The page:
There was an overwhelming response from 70s, 80s, and 90s kids of Lae City who responded to the short article about Lae of the past. Their personal accounts added to the richness of the experience. There are so many responses so I am publishing snippets from as many as I can. Thank you all! I hope we can, together, (and as much as I hate the Trump line) “make Lae great again!”
Ivan Hiob: “Owned my first Onitsuka Tiger, a Japanese sneakers popular back then, and my first fiberglass kite. Both were bought at Bali Merchants (now 8-6 Supermarket) which sold collectible comics and magazines and sports equipment amongst a host of big US clothing brands.”
Phil Senginawa: “Growing up in Unitech was the best part of my life I will never forget. We had the best BMX track. I had never seen in other PNG centers, Duncanson Hall (DH) was our cinema, we had kids parks with swings, slides and a fire truck. …I will never forget. And we never ran out of playing fields.
Tiffany Twivey-Nongorr: I grew up there too. Why the changes ? Well – it’s the inhabitants. I remember everyone I knew lived in house and not apartments and everyone I knew took a HUGE amount of are to make their own garden beautiful. Plenty of rain and sunshine made it a gardeners dream. There were even best garden competitions. Many of my parents friends were involved In The Botanical Gardens – fundraising, bringing in visiting botanist. People loved the city and treated it with love.
John Rosso: That was the Lae I grew up in. I now have the opportunity to try to bring Lae back to its glory days. It won’t be easy and I can’t perform miracles overnight but if we all worked together we can try to give our children the opportunity to grow up in a safe clean functioning city.
Robert Bangin: My very young parents left East New Britain and went to Lae to start a new life together prior to PNG Independence..
I was born in Lae 45 years ago and as a result and still consider it my spiritual home.
I even smile every time my passport details remind me of this fact when requested for formal IDENTITY records at International Customs check these days. Thanks again.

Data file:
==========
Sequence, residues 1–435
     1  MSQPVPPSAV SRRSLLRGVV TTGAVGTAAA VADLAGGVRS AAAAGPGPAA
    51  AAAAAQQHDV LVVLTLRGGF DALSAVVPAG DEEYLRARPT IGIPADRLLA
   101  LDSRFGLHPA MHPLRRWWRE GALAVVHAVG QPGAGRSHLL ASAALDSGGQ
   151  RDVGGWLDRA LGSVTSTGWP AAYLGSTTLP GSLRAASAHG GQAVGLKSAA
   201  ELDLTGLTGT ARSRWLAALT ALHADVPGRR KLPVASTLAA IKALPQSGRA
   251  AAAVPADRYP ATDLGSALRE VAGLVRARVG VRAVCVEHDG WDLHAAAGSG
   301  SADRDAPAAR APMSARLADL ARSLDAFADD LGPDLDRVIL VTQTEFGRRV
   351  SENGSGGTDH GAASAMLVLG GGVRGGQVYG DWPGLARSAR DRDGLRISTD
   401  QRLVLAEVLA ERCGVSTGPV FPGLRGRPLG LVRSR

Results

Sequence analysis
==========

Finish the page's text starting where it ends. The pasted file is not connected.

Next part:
Francis Yapog: Trutru,em displa ol taim em mipla Eugene Yangom em mipla ol liklik mangi sawe raun lukim ol boys sawe challenge break-dance lo old Post-Office hapsait lo Town Police Station wantaim double cassette player with the beats of New Kids on The Block, MC Hammer etc…Ah sore, mipla ol Original pikini blo Lae Town stret!!
John Laskam: Just reading through your article really brought back memories of my childhood days. Lae was so peaceful and well structured set up. The manucipal authorities were very effective and efficient. Those days my friends and I would always look forward to the weekend because there were number of spots to hang out and have fun. The obvious ones are the cinemas. There were many specialty shops and toy shops that we usually frequent.
Anne Macca: I lived at the Telikom college for 6 years when I was a kid. My Dad was a trainer. They used to show movies at the mess hall on weekends and we’d buy ice blocks at the canteen. Thanks for sharing.
Willie Sapmai: I still can recall those good old days when I touched down at the newly built Nadzab airport tarmac way back around noon of February 1981 to commence training as a telephone technician at the the P&T college, now Telikom Training Centre. Those days, things in the shops were so cheap. At the same time the college was runned by the International Telecommunication Union (ITU). The food was great, we use to have full breakfast with cereals, big fat lunch and to finish it of with a three course meal dinner. On top of that we get an allowance of K60 to K70. Taxi services runned by Jumi Cabco was the only expensive means of travel for a fare of K5 from Lae town to the P&T college.